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Dachs Undergraduate Research Internship: Guatemala

Dachs Undergraduate Research Internship: Guatemala

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Program summary

Since 2010, FSI has sent a group of Stanford University undergraduate students to the Lake Atitlán region in the Guatemalan highlands for an intensive field research internship. The students are mentored in the field by FSI faculty members Paul H. Wise and Beatriz Magaloni. The group is joined by members of a visiting medical team and health partners on the ground in Guatemala.

The program is designed to engage students in collaborative research that:

  • introduces undergraduates to issues of global chronic underdevelopment
  • promotes mentoring relationships between FSI faculty and students
  • enables students to contribute to FSI's policy-relevant research
  • fosters collaboration across disciplines at the undergraduate level
  • creates a pipeline of young scholars interested in solving global development problems
  • offers direct exposure to experimental research methodology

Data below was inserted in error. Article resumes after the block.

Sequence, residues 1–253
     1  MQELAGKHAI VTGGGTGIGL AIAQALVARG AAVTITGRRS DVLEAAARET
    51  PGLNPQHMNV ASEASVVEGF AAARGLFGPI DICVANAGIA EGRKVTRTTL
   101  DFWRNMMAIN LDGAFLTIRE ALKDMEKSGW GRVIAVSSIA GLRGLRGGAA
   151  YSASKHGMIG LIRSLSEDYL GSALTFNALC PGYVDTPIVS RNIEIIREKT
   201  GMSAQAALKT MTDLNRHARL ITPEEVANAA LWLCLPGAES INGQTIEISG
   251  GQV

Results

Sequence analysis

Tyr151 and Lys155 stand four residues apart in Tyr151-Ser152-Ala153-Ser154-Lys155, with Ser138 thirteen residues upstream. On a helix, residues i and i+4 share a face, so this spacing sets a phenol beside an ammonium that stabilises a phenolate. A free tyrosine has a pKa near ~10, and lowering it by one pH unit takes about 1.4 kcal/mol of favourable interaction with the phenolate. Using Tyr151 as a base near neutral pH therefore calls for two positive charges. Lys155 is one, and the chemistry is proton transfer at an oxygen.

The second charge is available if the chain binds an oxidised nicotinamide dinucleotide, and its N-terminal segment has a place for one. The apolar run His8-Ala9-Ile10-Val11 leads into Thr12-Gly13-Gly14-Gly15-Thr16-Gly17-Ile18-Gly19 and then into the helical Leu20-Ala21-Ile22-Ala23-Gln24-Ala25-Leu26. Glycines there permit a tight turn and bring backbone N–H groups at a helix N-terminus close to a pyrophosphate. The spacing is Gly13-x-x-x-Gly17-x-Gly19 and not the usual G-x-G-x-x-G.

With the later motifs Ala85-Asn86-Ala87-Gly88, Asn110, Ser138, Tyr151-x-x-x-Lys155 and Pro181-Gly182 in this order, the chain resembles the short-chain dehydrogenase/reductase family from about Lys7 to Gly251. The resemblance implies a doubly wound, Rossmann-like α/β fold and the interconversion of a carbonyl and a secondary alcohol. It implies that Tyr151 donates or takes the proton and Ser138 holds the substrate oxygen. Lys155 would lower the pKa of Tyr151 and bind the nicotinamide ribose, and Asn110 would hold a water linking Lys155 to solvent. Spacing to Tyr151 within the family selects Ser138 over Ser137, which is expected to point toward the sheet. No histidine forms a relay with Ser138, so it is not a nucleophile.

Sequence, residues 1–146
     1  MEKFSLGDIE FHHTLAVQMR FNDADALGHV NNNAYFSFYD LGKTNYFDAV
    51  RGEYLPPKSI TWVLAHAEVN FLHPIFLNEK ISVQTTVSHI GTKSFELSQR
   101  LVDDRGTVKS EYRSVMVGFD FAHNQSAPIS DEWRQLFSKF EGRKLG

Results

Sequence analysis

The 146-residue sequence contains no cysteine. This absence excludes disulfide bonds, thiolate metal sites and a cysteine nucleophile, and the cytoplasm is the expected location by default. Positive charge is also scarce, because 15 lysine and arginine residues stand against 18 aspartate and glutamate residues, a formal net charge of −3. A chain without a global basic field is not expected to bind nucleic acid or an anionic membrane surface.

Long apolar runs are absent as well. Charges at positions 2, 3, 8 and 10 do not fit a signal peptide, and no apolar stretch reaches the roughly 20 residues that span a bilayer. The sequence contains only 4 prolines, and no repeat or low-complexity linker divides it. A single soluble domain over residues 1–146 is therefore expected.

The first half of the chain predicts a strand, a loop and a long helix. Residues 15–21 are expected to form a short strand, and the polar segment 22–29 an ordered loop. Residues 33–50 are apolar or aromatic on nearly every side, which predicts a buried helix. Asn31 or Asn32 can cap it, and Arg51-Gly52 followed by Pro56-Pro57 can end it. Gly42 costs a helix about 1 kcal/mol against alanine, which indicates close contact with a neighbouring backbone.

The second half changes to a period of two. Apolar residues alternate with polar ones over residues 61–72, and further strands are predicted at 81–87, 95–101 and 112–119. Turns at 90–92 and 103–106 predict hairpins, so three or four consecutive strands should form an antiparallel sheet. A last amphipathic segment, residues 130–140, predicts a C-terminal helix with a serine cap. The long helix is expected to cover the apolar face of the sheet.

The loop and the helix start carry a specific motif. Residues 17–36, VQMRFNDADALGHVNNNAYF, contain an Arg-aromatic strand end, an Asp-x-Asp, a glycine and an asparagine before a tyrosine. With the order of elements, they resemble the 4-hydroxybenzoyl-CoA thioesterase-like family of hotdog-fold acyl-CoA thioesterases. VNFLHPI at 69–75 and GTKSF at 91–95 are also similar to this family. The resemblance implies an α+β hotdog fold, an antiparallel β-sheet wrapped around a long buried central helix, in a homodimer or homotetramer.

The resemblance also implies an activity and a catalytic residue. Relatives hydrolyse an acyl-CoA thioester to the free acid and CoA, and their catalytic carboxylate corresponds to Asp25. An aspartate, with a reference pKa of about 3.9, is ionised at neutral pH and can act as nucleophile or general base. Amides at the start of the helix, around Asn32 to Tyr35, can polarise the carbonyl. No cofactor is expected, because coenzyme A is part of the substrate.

What I have truly come to recognize is that amidst the lushness of this beautiful country lies a hidden truth of hard choices and a hard life. ~ Maria Contreras, '11

Research goals/methods

The research goals fall under the general interests of Professor Wise's Child Health program and Professor Magaloni's Program on Poverty and Governance at the Center on Democracy, Development, and the Rule of Law. Both programs examine issues of maternal and children's health, and the impact of local governance on health outcomes.

While in Guatemala, students divide their time between clinical work in the centros de salúd and in-home interviews with community members and local health promoters supported by the Children in Crisis program.

With guidance from the faculty members, students develop their own research plan which they carry out through clinical work and field interviews. Each student is also encouraged to pursue topics of personal academic interest. Research topics have included:

  • Conditional cash transfers
  • Access to health care
  • Children's malnutrition
  • Water quality and sanitation
  • Reproductive health and family planning
  • Challenges to communal collective action

During their time in Guatemala, students contribute to the to track their experiences and observations. When they return from the trip, they prepare a report with their research findings. Click here to read the 2012 Guatemala interns report ( 153.73 KB ) or the 2011 Guatemala interns report on mental health ( 28.07 MB ).

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